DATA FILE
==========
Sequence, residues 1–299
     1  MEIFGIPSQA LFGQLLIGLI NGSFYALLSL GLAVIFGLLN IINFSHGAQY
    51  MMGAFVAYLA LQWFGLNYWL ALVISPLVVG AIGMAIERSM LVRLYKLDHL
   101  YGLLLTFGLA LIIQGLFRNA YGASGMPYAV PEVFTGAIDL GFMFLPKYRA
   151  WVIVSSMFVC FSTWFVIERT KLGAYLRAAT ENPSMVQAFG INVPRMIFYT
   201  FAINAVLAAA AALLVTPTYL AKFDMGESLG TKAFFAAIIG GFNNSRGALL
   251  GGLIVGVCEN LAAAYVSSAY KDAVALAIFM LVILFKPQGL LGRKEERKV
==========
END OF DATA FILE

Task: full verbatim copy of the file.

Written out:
Sequence, residues 1–299
     1  MEIFGIPSQA LFGQLLIGLI NGSFYALLSL GLAVIFGLLN IINFSHGAQY
    51  MMGAFVAYLA LQWFGLNYWL ALVISPLVVG AIGMAIERSM LVRLYKLDHL
   101  YGLLLTFGLA LIIQGLFRNA YGASGMPYAV PEVFTGAIDL GFMFLPKYRA
   151  WVIVSSMFVC FSTWFVIERT KLGAYLRAAT ENPSMVQAFG INVPRMIFYT
   201  FAINAVLAAA AALLVTPTYL AKFDMGESLG TKAFFAAIIG GFNNSRGALL
   251  GGLIVGVCEN LAAAYVSSAY KDAVALAIFM LVILFKPQGL LGRKEERKV